Concern about the loyalties of Ukrainian judges has heightened since Russia launched a large-scale invasion of Ukraine in February, dramatically expanding a localized conflict in the east into a full-blown war that has now killed tens of thousands of people.
Russia, which seized Crimea in 2014, staged so-called referendums this month in four Ukrainian regions it partially occupies and used the processes, which Kyiv and the West have dismissed as a sham and which are illegal under international law, to claim a large portion of Ukraine as its own.
In an interview with RFE/RL in May, Andriy Smyrnov, deputy head of Zelenskiy’s office, spoke of unnamed judges who he said “really betray the interests of both the judiciary and the state” and act as “’quiet’ collaborators.”
On September 15, the SBU reported that it had informed an unnamed judge on the Northern Court of Appeal about its suspicions and about evidence that the justice had “justified the atrocities of the occupiers” and “incited acquaintances to cooperate with the enemy,” while speaking “disparagingly” about the Ukrainian armed forces. The former two actions rank as criminal offenses.
No such criminal charges have been brought against Lvov.
Ukrainian Supreme Court Chairman Vsevolod Knyazyev told RFE/RL’s Ukrainian Service that the Schemes investigation was the first he had heard of Lvov’s alleged Russian citizenship. In his 2017 application to join the Supreme Court, Lvov had stated that he did not hold citizenship of any other state.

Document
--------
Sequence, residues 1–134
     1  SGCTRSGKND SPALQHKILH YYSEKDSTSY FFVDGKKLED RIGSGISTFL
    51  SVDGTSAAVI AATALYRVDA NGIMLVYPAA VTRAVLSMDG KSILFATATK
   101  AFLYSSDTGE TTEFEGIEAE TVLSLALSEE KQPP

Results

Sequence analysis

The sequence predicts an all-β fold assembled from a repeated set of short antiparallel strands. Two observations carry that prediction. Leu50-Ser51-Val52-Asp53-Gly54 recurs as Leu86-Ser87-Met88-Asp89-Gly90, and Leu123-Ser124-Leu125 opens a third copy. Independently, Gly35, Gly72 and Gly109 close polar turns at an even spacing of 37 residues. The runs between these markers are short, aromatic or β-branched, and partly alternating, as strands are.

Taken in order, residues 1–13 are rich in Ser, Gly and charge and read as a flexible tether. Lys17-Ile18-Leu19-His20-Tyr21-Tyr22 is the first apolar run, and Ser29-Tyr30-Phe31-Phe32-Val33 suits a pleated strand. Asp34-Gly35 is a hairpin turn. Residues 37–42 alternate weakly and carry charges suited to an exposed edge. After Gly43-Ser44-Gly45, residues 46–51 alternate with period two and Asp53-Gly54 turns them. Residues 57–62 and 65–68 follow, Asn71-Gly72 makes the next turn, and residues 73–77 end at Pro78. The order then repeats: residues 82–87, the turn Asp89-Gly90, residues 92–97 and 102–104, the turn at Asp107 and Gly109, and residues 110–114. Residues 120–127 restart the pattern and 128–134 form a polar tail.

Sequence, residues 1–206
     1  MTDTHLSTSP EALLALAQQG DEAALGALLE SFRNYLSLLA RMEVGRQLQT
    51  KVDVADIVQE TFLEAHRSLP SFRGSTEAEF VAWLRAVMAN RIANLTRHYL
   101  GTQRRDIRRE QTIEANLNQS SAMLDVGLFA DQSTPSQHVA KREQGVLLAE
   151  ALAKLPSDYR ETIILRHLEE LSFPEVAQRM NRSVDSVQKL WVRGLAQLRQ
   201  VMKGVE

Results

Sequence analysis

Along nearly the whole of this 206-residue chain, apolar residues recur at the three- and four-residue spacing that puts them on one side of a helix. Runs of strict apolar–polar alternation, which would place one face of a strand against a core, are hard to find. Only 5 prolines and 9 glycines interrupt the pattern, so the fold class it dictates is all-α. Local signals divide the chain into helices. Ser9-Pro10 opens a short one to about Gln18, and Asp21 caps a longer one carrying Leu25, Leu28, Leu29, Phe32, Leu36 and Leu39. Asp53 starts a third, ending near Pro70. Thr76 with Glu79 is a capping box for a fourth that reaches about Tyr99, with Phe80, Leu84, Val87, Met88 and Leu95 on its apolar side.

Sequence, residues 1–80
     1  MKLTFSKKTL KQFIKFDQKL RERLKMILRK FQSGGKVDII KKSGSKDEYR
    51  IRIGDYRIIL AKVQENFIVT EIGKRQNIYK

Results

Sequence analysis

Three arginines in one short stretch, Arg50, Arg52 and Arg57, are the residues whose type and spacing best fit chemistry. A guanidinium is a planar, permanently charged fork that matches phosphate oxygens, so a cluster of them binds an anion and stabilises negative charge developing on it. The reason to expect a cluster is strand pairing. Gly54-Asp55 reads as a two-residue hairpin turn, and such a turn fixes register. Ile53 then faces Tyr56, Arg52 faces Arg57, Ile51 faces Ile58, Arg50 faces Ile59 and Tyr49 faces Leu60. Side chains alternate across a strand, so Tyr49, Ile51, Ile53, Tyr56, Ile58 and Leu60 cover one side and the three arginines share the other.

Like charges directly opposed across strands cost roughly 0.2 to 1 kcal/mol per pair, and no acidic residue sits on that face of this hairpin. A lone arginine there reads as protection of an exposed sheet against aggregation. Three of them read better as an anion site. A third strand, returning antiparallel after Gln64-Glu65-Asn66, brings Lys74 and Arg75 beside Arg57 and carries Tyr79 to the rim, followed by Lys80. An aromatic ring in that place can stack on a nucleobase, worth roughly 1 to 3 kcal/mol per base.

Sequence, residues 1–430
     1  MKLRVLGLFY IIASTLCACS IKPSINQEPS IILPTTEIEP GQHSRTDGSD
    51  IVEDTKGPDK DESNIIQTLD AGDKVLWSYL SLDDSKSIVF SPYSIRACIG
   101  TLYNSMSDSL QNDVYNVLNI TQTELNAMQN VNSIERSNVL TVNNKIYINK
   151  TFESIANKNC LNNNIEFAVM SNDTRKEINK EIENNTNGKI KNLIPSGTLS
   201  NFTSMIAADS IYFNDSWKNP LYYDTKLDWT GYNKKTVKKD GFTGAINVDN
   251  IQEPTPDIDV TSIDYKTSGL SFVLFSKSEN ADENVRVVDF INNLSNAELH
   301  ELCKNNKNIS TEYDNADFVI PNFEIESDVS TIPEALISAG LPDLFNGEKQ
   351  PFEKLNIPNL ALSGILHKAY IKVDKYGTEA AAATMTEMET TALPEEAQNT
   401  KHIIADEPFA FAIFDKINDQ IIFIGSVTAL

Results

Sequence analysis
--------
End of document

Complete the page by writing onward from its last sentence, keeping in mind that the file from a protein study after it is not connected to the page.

On September 16, after receiving notification from the SBU that it had suspended Lvov’s access to state secrets, the Supreme Court, citing investigations into the information disclosed about Lvov’s alleged Russian citizenship, did the same.
If Lvov’s Russian citizenship is confirmed “in the manner established by law,” Knyazyev said, the 21-member Higher Council of Justice, the only state body that can dismiss or appoint a judge, must take “the relevant decision.”
The Supreme Court is currently fulfilling the Higher Council of Justice’s role since the council’s membership is incomplete.
(If the report is confirmed, says Roman Maselko, a newly appointed member of the Higher Council of Justice, Lvov “should lose his status.”)
One newly appointed member of the Higher Council of Justice, Roman Maselko, emphasized that if “official confirmation” of Lvov’s Russian citizenship is issued, “the judge should lose his status.”
Whether the Supreme Court or the Higher Council of Justice will address Lvov’s case is unclear.
A separate procedure exists for Lvov’s status as the appointed head of the Supreme Court’s Commercial Court of Cassation. The court’s 44 judges would have to agree by a secret, majority vote to remove him from office.
At a September 19 session, presided over by Lvov, the justices did not agree to hold a vote of confidence in Lvov or to suspend the automatic scheduling of cases he will hear, according to the court’s press service.
One of the court’s judges, Olena Kibenko, posted on her Facebook page that 13 of the court’s judges had supported an initiative to discuss the prospect of Lvov’s “early termination” on September 26, but the number was insufficient for a special session of the judges to occur. A separate but similar initiative is under way, she said.
However, Commercial Court of Cassation Judge Ivan Mishchenko said on September 30 that judges on the court had gathered enough votes to hold a special session and consider a no-confidence measure. The Supreme Court announced that the session, to consider Lvov’s possible dismissal from his post as chairman, would be held on October 3.
Fellow judges do not claim that Lvov is a Russian citizen or has real estate in Russia, Kibenko said earlier in September: “But such allegations, supported by documents, are too serious and cannot be ignored.”
For now, Lvov is still hearing cases; most recently, on September 27, according to the Commercial Court of Cassation’s schedule.
English version written by Elizabeth Owen based on reporting by Heorhiy Shabayev and Natalie Sedletska.